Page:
Publications Database

Welcome to the new Schulich Peer-Reviewed Publication Database!

The database is currently in beta-testing and will be updated with more features as time goes on. In the meantime, stakeholders are free to explore our faculty’s numerous works. The left-hand panel affords the ability to search by the following:

  • Faculty Member’s Name;
  • Area of Expertise;
  • Whether the Publication is Open-Access (free for public download);
  • Journal Name; and
  • Date Range.

At present, the database covers publications from 2012 to 2020, but will extend further back in the future. In addition to listing publications, the database includes two types of impact metrics: Altmetrics and Plum. The database will be updated annually with most recent publications from our faculty.

If you have any questions or input, please don’t hesitate to get in touch.


Search Results

Auster, E.R. and Prasad, A. (2016). "Why Do Women Still Not Make It to the Top? Dominant Organizational Ideologies and Biases by Promotion Committees Limit Opportunities to Destination Positions", Sex Roles, 75(5), 177-196.

Open Access Download

Abstract Prior studies have made important strides in understanding the drivers of gender bias facing women at the top. Yet, relatively little is known about the intra-organizational power dynamics of how and why these patterns still persist despite a plethora of initiatives to redress the phenomenon over the last several decades. This paper develops an intra-organizational power perspective on the dynamics of promotion bias to destination positions. We propose that social dominance emerges as social categorization based on a candidate’s visible and invisible markers leads to distorted perceptions and stereotyping which, when combined with group favoritism and conformity pressures within committee practices, engender the perceived degree of ideological asymmetry between the candidate and the organization. It is the magnitude of the perceived degree of ideological asymmetry that drives promotion bias. This bias has potent effects on the institutionalization of power over time. Our perspective ultimately offers new insights into the role of dominant organizational ideology and dynamics of biases that continue to limit promotion opportunities of women to destination positions.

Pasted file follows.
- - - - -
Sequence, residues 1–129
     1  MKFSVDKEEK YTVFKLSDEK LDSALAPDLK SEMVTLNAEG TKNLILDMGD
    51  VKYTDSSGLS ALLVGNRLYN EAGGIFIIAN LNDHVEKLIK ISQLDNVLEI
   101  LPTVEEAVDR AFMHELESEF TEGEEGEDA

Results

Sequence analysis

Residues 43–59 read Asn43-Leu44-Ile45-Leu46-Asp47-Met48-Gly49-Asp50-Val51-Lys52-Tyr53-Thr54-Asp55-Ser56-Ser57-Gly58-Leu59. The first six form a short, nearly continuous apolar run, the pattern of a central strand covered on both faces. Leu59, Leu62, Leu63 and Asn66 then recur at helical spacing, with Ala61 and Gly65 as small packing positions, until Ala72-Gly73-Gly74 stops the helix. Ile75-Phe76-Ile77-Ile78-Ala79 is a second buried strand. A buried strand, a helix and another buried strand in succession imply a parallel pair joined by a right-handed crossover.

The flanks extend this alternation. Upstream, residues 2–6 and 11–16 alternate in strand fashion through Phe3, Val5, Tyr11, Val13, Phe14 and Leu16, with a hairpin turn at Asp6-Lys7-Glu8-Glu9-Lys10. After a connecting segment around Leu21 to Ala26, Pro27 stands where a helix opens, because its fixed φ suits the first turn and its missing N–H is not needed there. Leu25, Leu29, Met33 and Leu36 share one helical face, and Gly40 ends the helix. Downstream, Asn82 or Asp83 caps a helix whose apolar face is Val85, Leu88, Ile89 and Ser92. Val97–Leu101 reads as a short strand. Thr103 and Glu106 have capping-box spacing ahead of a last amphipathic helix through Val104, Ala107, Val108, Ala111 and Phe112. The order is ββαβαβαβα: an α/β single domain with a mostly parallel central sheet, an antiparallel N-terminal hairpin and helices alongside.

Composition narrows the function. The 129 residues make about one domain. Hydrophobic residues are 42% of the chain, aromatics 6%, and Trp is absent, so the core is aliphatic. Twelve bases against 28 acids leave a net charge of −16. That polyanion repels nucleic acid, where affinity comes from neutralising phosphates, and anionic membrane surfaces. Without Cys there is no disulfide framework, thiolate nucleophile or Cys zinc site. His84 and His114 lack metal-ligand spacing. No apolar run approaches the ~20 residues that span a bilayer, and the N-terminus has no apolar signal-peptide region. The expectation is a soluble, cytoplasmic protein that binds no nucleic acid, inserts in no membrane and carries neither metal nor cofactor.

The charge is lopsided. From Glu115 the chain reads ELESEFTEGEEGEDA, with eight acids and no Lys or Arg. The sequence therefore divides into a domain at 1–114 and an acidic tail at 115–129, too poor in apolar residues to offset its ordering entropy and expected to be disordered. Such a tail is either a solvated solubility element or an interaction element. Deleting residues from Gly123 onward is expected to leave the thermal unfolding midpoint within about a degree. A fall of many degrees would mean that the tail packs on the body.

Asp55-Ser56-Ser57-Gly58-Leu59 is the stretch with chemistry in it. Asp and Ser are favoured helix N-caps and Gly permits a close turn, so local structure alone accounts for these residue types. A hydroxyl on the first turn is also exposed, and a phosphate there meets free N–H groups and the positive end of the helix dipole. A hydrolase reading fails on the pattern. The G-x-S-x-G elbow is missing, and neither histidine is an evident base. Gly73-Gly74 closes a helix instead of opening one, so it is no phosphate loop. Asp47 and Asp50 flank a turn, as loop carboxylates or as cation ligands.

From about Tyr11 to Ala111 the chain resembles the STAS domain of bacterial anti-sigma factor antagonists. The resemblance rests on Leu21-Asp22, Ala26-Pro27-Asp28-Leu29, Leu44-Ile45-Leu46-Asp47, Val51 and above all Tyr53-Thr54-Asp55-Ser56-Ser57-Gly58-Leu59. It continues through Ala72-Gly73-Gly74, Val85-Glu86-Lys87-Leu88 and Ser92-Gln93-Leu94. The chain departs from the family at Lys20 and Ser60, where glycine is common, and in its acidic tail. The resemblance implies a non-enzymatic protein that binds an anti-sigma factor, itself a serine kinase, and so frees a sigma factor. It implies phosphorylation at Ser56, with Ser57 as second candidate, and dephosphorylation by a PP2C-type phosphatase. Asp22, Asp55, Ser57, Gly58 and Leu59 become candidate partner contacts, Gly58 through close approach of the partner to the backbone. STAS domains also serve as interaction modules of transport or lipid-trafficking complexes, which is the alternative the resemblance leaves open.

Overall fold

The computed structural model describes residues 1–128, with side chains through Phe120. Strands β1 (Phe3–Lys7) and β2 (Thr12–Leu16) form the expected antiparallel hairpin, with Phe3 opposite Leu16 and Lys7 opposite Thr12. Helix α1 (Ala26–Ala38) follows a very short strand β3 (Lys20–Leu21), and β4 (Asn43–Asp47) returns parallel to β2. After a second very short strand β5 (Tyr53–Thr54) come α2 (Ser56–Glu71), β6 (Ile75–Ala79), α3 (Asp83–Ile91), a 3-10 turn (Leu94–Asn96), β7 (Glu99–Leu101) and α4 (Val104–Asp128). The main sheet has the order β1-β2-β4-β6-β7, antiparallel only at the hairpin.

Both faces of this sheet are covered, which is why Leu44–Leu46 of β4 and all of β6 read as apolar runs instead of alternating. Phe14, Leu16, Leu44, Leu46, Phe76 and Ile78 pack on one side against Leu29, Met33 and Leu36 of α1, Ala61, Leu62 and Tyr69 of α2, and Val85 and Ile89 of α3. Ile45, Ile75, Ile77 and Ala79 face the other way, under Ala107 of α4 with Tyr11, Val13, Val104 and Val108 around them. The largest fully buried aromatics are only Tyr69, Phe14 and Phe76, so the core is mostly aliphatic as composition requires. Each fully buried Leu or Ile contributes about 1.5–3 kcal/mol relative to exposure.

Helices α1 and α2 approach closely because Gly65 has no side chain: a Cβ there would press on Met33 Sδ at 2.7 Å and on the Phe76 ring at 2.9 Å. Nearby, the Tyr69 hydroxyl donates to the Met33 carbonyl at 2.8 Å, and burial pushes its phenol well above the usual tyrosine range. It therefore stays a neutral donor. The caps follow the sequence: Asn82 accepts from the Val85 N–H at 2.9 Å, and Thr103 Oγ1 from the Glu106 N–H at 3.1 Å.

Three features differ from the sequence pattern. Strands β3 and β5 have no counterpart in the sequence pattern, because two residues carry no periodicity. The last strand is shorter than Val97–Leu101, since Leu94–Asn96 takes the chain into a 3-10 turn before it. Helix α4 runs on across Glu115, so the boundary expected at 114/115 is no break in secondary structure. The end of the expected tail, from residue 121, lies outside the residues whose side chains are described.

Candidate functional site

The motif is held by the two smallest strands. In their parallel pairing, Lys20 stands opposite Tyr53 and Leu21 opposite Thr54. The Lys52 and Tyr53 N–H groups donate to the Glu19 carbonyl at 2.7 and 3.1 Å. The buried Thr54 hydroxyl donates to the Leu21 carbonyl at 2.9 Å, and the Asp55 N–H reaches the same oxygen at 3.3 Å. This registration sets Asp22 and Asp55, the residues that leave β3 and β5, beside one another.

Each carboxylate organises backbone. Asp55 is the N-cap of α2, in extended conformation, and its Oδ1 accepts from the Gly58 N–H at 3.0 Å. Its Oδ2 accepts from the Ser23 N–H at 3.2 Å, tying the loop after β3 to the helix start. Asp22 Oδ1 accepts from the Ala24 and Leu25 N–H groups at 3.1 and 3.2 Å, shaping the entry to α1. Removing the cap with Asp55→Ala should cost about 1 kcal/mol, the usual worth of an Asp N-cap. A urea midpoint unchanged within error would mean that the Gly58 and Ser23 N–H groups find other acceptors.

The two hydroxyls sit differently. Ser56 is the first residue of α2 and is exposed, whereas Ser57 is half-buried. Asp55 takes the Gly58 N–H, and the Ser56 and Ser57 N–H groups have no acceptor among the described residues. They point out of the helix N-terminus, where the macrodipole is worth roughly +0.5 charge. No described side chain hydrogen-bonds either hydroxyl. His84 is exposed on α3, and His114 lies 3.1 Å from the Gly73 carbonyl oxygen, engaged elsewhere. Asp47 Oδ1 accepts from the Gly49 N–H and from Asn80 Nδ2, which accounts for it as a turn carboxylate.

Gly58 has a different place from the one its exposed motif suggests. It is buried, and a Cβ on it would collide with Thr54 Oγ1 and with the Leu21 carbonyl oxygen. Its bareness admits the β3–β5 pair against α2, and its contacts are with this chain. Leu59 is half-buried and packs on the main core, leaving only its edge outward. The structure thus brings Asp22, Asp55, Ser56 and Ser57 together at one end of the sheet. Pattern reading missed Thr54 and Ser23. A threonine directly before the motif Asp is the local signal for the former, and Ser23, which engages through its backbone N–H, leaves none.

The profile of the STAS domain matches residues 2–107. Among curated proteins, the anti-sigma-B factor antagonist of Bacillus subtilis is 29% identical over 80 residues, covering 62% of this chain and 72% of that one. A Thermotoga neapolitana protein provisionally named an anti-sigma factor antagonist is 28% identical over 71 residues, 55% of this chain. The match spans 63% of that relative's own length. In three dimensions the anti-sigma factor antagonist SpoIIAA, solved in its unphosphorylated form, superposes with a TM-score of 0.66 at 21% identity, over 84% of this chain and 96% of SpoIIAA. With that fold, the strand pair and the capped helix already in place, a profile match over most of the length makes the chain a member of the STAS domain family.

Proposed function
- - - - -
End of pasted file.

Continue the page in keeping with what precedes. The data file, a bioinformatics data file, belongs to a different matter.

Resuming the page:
Ansell, C., Boin, A. and Farjoun, M. (2015). "Dynamic Conservatism: How Institutions Change to Remain the Same", Research in the Sociology of Organizations, 44, 89-119.

Open Access Download

Abstract The environment of most organizations is beset by continuous change, instability, flux, and unpredictability. If organizations are to survive and prosper under such conditions, they must be capable of dynamic adaption and stable and reliable performance. Organization theory recognizes the importance of both imperatives, but typically assumes that they pull organizations in different directions. Building on Selznick’s theory of institutionalization, we argue that institutions can, should and sometimes do master the challenge of being responsive and stable, while avoiding the potentially destructive tendencies of rigidity and opportunism. Contrary to a prominent view that strong institutionalization leads to inertia, Selznick’s theory suggests that strong institutions are capable of preemptive adaptation to protect the character of their institutions. We describe this state as one of dynamic conservatism and explore four types of preemptive internal reform strategies: strategic retreat, self-cannibalization, experimentation, and repositioning. We conclude with a consideration of factors that might moderate the ability of strong institutions to proactively change in order to remain the same.